Delgado v. State, S-20-0273, S-21-0208

CourtUnited States State Supreme Court of Wyoming
Writing for the CourtKAUTZ, Justice.
Citation509 P.3d 913
Parties Gilber Aldolfo DELGADO, Jr., Appellant (Defendant), v. The STATE of Wyoming, Appellee (Plaintiff).
Docket NumberS-20-0273, S-21-0208
Decision Date17 May 2022

509 P.3d 913

Gilber Aldolfo DELGADO, Jr., Appellant (Defendant),
v.
The STATE of Wyoming, Appellee (Plaintiff).

S-20-0273, S-21-0208

Supreme Court of Wyoming.

May 17, 2022


Representing Appellant: David McCarthy, David McCarthy, P.C., Rawlins, Wyoming.

Representing Appellee: Bridget Hill, Wyoming Attorney General; Jenny L. Craig, Deputy Attorney General; Joshua C. Eames, Senior Assistant Attorney General; Catherine M. Mercer, Assistant Attorney General. Argument by Ms. Mercer.

Before FOX, C.J., and KAUTZ, BOOMGAARDEN, GRAY, and FENN, JJ.

KAUTZ, Justice.

¶1] After threatening his wife with a knife, Gilber Aldolfo Delgado, Jr., pleaded nolo contendre (no contest) to one count of felony possession of a deadly weapon with unlawful intent. Mr. Delgado challenges the district court's denials of 1) his presentence motion to withdraw his plea under Wyoming Rule of Criminal Procedure (W.R.Cr.P.) 32(d) ; and 2) his subsequent motion to withdraw his plea for ineffective assistance of counsel under Wyoming Rule of Appellate Procedure (W.R.A.P) 21. We affirm.

ISSUES

[¶2] We restate and reorder Mr. Delgado's issues as:

1. Did Mr. Delgado establish defense counsel was ineffective for failing to request a court-ordered mental evaluation to determine if he was competent before he entered his no contest plea?

2. Did the district court abuse its discretion by denying Mr. Delgado's presentence motion to withdraw his no contest plea?

FACTS

[¶3] With Mr. Delgado's consent, the district court used information from the affidavit the State filed in support of the criminal information as a factual basis for his no contest plea. See Dahl v. State, 2020 WY 59, ¶ 3, 462 P.3d 912, 913 (Wyo. 2020) (establishing the factual basis for the defendant's no contest pleas from the probable cause affidavit); McEwan v. State, 2013 WY 158, ¶ 15 n.4, 314 P.3d 1160, 1165 n.4 (Wyo. 2013) (with a no contest plea, the "factual basis is supplied by the prosecutor, often through reference to the affidavit supporting the information" (citing Berry v. State, 2004 WY 81, ¶ 39, 93 P.3d 222, 234 (Wyo. 2004) )). According to the affidavit, Uinta County Deputy Sheriff Andrew Kopp was dispatched on November 24, 2019, to a "possible fight in progress occurring in a vehicle." As he was responding, Deputy Kopp learned the vehicle had "arrived at a residence" in Evanston, so he proceeded to that location. He spoke with Mr. Delgado's wife who said she was driving the vehicle and Mr. Delgado was in the back seat. Their two children and an adult female were also passengers in the vehicle. Mrs. Delgado reported that Mr. Delgado "pull[ed] out" two knives and told her he could slit her throat and she would suffocate on her own blood. He held one of the knives close to her neck. Fearing he would "follow through on the threats," both she and the adult passenger called 911. After they arrived home, Mr. Delgado hid the knives under a snowmobile and told the children not to talk to the police.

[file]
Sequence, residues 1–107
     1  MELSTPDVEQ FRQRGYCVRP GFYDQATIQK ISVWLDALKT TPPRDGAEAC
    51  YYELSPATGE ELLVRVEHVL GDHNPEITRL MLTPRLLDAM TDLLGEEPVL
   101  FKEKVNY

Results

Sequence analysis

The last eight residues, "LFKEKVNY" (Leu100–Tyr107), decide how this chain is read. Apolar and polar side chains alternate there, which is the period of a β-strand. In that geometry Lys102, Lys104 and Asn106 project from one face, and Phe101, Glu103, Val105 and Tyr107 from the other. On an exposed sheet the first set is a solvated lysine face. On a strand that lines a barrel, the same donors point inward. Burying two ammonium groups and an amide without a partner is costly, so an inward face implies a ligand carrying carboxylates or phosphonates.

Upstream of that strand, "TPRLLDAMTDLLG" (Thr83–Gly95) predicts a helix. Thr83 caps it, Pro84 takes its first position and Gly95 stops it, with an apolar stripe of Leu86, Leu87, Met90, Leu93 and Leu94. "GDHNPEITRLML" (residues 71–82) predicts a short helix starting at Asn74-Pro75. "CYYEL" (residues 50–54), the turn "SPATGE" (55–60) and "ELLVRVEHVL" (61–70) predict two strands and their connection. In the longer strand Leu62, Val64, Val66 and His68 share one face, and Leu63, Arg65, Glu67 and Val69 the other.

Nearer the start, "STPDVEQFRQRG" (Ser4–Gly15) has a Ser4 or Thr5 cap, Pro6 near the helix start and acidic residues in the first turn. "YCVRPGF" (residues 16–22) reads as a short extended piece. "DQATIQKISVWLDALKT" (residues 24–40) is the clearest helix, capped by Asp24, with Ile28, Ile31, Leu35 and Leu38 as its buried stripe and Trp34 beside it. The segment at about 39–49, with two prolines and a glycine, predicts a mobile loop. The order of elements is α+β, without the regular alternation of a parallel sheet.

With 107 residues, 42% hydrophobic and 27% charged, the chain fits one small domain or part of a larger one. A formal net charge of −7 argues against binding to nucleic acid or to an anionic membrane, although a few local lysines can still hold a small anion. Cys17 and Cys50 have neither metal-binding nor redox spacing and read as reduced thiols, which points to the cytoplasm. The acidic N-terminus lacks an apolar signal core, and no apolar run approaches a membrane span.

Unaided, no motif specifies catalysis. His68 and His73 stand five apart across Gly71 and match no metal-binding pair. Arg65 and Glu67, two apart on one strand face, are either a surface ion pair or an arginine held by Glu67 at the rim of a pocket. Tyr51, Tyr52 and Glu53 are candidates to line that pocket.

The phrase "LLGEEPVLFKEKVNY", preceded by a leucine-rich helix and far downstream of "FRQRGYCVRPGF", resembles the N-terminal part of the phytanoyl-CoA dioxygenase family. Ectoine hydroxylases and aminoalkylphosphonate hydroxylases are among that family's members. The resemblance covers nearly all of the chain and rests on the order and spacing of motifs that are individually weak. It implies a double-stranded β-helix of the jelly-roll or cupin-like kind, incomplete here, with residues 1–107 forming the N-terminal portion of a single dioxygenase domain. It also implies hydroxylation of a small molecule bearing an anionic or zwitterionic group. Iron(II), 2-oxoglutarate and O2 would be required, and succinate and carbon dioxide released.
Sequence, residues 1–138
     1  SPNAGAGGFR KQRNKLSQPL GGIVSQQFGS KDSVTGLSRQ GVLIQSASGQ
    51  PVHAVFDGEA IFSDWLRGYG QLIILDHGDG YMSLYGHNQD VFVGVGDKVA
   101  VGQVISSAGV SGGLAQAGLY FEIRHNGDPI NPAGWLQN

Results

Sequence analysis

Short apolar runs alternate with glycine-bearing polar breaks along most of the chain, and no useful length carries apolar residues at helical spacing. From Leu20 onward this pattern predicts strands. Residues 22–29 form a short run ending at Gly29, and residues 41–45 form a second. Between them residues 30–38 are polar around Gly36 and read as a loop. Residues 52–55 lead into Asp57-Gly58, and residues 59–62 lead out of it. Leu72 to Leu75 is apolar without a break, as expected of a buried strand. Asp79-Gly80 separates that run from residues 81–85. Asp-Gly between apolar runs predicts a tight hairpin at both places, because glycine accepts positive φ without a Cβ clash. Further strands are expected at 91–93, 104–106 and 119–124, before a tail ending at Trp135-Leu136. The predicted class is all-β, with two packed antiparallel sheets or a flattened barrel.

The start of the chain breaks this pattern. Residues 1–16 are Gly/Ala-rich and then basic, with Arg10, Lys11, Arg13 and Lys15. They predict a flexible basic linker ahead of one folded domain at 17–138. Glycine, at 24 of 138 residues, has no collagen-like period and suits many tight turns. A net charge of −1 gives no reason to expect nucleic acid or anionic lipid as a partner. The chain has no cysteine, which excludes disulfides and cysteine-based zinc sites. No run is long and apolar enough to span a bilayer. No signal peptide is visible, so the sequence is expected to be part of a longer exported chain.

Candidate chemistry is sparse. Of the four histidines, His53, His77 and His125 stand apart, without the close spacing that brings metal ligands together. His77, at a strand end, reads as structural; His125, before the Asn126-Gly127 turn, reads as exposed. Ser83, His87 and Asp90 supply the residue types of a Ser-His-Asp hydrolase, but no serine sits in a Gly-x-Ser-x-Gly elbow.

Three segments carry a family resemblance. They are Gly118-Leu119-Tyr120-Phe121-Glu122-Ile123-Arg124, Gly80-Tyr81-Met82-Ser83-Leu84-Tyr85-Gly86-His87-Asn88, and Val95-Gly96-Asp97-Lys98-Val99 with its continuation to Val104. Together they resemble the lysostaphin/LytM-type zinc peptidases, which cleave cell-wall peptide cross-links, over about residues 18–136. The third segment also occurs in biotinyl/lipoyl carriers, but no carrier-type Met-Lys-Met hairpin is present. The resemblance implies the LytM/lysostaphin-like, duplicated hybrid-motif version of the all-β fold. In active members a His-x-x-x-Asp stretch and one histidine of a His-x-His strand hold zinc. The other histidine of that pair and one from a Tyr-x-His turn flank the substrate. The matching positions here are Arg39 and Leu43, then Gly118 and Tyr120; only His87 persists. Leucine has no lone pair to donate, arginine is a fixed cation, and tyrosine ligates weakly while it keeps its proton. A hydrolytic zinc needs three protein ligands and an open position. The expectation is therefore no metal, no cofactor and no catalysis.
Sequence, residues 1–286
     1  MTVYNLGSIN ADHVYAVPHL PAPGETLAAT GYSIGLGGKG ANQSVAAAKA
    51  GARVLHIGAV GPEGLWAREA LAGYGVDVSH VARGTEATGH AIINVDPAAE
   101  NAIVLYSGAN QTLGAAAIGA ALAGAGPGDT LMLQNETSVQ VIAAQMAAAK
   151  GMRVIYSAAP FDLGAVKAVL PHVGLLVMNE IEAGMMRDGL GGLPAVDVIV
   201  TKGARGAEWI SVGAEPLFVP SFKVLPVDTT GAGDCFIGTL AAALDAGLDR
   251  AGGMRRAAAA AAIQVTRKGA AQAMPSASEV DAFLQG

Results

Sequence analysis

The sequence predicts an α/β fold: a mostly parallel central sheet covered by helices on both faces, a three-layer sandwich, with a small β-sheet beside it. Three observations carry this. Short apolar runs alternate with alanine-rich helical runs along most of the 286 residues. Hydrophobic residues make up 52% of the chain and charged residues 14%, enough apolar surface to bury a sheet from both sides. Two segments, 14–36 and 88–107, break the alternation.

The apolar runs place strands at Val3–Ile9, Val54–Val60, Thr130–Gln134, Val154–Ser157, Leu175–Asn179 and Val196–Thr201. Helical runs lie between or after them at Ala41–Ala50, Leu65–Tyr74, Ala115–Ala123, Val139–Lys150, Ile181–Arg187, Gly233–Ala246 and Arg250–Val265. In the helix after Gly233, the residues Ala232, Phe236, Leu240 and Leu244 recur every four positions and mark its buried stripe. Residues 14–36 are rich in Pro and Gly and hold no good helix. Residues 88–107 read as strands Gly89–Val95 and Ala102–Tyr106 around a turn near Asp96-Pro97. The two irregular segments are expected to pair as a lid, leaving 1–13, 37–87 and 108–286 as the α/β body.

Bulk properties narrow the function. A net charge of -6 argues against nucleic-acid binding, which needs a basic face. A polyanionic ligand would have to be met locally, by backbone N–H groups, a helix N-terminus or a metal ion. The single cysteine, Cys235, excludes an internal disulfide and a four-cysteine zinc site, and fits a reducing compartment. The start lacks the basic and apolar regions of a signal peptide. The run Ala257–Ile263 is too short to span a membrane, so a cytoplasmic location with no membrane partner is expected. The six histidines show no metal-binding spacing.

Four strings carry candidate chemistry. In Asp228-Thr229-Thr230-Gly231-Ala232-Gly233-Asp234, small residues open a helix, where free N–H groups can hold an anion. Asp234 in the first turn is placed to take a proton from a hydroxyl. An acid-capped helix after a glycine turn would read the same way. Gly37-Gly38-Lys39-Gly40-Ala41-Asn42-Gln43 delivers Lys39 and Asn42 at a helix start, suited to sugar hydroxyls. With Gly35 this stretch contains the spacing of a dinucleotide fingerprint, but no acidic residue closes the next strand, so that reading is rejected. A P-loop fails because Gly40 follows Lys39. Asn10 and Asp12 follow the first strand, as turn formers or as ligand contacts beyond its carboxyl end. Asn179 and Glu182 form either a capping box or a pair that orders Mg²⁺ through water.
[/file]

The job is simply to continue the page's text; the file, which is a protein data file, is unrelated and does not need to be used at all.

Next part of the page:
[¶4] The State charged Mr. Delgado with one count of aggravated assault and battery for threatening to use a drawn deadly weapon on Mrs. Delgado. See Wyo. Stat. Ann. § 6-2-502 (a)(iii) and (b) (LexisNexis 2021). Mr. Delgado was represented by a public defender until his father retained private defense counsel. His father told defense counsel Mr. Delgado was not behaving normally, was having employment problems, and seemed depressed.

[¶5] Defense counsel met with Mr. Delgado at the jail. At that time, he was making statements she considered delusional, including that he was going to "walk on" to the

[509 P.3d 918

Denver Broncos football team. Defense counsel advised Mr. Delgado to plead not guilty by reason of mental illness (NGMI) to the aggravated assault and battery charge and to obtain a mental evaluation to support that defense. Mr. Delgado said he had already discussed pleading NGMI with prior counsel and he did not want to pursue that option. Mr. Delgado entered a plea of not guilty at his arraignment. Defense counsel attended the arraignment but did not inform the court of her concerns about Mr. Delgado's mental health or request a court-ordered mental evaluation.

¶6] After he was released from jail on bond, Mr. Delgado met with defense counsel at her office. He was no longer "in the same state he was [in] at the jail." Defense counsel described Mr. Delgado as "oriented to time, place. He was very coherent when he talked to [her]." Defense counsel again brought up the subject of a NGMI plea. She had spoken with Mrs. Delgado, who confirmed Mr. Delgado's father's opinion that Mr. Delgado was suffering from a mental condition. Defense counsel had also listened to the recording of the 911 call, which revealed Mrs. Delgado told the dispatcher Mr. Delgado was "acting out of his mind," was "crazy," and needed mental help. Although Mr. Delgado was "very agreeable" to many of her suggested defense strategies, he did not want to change his plea to NGMI because of "the stigma that's attached to the NGMI [plea]" and he could be indefinitely confined in the Wyoming State Hospital if he were successful in defending on that basis.